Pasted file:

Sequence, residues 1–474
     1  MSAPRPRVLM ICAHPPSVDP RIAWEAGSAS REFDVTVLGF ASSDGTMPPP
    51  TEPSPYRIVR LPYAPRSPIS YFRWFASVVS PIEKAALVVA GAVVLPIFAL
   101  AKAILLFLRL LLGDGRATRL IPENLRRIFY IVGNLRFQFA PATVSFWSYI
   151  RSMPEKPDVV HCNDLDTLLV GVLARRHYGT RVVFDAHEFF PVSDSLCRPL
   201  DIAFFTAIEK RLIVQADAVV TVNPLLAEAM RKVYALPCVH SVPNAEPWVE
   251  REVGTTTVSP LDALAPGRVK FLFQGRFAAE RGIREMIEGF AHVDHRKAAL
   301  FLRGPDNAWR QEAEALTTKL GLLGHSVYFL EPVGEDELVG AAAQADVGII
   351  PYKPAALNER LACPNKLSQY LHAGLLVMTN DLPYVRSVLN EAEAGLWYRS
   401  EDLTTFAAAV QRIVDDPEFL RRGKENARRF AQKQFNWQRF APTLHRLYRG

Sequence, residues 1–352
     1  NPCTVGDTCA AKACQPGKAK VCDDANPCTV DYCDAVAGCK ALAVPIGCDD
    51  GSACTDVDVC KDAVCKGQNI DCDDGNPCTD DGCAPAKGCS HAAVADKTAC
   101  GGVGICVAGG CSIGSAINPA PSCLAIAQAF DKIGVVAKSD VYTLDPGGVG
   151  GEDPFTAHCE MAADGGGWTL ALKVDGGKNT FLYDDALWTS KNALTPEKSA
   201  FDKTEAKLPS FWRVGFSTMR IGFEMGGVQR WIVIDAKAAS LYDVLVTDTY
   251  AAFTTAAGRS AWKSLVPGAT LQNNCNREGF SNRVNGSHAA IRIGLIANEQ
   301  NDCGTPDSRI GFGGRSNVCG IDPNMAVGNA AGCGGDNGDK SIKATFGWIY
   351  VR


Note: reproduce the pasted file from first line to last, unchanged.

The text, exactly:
Sequence, residues 1–474
     1  MSAPRPRVLM ICAHPPSVDP RIAWEAGSAS REFDVTVLGF ASSDGTMPPP
    51  TEPSPYRIVR LPYAPRSPIS YFRWFASVVS PIEKAALVVA GAVVLPIFAL
   101  AKAILLFLRL LLGDGRATRL IPENLRRIFY IVGNLRFQFA PATVSFWSYI
   151  RSMPEKPDVV HCNDLDTLLV GVLARRHYGT RVVFDAHEFF PVSDSLCRPL
   201  DIAFFTAIEK RLIVQADAVV TVNPLLAEAM RKVYALPCVH SVPNAEPWVE
   251  REVGTTTVSP LDALAPGRVK FLFQGRFAAE RGIREMIEGF AHVDHRKAAL
   301  FLRGPDNAWR QEAEALTTKL GLLGHSVYFL EPVGEDELVG AAAQADVGII
   351  PYKPAALNER LACPNKLSQY LHAGLLVMTN DLPYVRSVLN EAEAGLWYRS
   401  EDLTTFAAAV QRIVDDPEFL RRGKENARRF AQKQFNWQRF APTLHRLYRG

Sequence, residues 1–352
     1  NPCTVGDTCA AKACQPGKAK VCDDANPCTV DYCDAVAGCK ALAVPIGCDD
    51  GSACTDVDVC KDAVCKGQNI DCDDGNPCTD DGCAPAKGCS HAAVADKTAC
   101  GGVGICVAGG CSIGSAINPA PSCLAIAQAF DKIGVVAKSD VYTLDPGGVG
   151  GEDPFTAHCE MAADGGGWTL ALKVDGGKNT FLYDDALWTS KNALTPEKSA
   201  FDKTEAKLPS FWRVGFSTMR IGFEMGGVQR WIVIDAKAAS LYDVLVTDTY
   251  AAFTTAAGRS AWKSLVPGAT LQNNCNREGF SNRVNGSHAA IRIGLIANEQ
   301  NDCGTPDSRI GFGGRSNVCG IDPNMAVGNA AGCGGDNGDK SIKATFGWIY
   351  VR